The Success of Failure
What makes a successful innovation?
The US has been blessed by a series of dramatic innovations over time: electrification, telephones, personal computers. Some of these have been truly disruptive, changing not only the way people do their jobs, but the very jobs themselves. Indeed, mastering the dynamics of innovation is critical for any company. In the past year corporations that file with the SEC used the word “innovation” over 33 thousand times in their annual and quarterly reports!
But by its very nature innovation is unpredictable. Doing new things in new ways upsets the status quo. Email is challenging the Postal Service; digital photography probably bankrupted Kodak.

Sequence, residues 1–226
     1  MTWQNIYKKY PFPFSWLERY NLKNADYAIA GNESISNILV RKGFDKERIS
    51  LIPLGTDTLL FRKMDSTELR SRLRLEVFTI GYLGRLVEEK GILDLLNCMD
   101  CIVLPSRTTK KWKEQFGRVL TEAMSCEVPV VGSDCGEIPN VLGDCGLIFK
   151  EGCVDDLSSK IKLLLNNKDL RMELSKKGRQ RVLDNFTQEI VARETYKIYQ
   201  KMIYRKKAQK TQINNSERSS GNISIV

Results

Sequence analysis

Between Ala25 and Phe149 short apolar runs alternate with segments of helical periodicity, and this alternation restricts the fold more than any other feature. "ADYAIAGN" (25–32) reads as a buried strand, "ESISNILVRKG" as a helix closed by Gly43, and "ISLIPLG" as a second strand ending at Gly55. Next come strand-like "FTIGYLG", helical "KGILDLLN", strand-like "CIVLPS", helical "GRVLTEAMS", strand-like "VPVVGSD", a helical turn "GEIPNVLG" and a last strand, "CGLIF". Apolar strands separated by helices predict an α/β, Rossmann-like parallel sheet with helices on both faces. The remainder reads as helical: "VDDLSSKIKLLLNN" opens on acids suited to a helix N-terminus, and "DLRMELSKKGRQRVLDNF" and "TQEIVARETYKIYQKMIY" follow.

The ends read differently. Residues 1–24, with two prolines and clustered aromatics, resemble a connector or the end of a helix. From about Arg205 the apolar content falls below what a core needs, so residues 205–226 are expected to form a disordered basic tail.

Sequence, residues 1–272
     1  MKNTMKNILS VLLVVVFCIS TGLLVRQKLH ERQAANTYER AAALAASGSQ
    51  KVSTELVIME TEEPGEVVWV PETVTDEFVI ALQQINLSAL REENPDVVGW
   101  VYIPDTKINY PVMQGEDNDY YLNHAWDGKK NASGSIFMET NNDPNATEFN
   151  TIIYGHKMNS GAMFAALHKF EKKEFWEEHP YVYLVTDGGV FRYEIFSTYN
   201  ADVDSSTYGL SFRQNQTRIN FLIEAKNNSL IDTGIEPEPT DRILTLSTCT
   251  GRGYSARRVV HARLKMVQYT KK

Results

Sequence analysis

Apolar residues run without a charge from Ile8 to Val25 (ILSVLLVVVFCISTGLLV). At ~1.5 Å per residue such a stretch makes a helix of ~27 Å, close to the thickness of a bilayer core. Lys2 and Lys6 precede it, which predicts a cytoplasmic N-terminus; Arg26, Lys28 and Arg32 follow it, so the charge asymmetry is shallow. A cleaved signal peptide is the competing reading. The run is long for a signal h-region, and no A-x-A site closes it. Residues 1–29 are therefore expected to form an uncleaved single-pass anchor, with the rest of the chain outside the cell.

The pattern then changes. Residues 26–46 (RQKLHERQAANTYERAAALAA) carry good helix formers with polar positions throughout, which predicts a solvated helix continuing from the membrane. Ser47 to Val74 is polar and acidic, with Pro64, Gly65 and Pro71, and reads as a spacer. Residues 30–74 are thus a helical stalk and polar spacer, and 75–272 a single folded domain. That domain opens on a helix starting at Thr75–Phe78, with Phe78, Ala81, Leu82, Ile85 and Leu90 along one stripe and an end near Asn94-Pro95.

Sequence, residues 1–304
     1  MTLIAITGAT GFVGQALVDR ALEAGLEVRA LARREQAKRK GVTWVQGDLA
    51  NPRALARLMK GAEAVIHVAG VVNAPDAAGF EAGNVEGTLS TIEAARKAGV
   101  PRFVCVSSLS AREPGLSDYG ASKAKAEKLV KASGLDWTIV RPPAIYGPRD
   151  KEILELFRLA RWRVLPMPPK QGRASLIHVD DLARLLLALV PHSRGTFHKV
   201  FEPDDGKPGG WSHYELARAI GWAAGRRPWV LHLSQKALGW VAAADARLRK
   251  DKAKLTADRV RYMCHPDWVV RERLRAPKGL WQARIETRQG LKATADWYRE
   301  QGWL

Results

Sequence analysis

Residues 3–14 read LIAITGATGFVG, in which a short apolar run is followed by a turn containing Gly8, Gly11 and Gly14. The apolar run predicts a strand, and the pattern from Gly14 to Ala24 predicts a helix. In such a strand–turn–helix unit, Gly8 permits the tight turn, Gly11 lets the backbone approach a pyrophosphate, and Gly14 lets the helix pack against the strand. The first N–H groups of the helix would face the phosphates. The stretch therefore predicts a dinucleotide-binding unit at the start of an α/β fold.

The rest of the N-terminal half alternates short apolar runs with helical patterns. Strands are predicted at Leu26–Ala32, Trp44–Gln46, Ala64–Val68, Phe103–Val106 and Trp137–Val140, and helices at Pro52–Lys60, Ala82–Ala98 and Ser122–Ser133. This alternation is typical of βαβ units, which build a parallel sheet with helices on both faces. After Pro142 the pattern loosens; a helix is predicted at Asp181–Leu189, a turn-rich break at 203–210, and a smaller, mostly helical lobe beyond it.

And implementing innovation is risky. When social networking was in its infancy, companies like sixdegrees, Tribe.net, Friendster, and MySpace all tried to capitalize on the trend. None of them fully captured the market and many of them folded along the way. But one of the reasons Facebook succeeded where others didn’t was that there is little stigma in the US to failing at a new business venture. Bankruptcy laws allow entrepreneurs to walk away from unsuccessful projects, and the lessons from those failures can be incorporated into the next attempt.
If a job is worth doing, it’s worth doing badly, at least to start out. Because our institutions and culture accept failure, we have remained a hub for innovation around the world. The results can be disruptive, but using new technologies to improve the way we do things has helped make the US the most productive economy in the world.
But it often starts with failure.